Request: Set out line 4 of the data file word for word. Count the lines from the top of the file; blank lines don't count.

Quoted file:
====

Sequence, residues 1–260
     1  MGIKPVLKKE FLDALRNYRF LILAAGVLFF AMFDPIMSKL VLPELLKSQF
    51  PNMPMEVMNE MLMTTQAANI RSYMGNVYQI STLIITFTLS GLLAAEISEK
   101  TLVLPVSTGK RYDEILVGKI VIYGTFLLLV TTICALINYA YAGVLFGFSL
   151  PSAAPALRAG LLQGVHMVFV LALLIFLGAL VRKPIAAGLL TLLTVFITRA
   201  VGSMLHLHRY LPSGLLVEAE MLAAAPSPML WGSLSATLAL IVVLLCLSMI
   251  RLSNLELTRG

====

   101  TLVLPVSTGK RYDEILVGKI VIYGTFLLLV TTICALINYA YAGVLFGFSL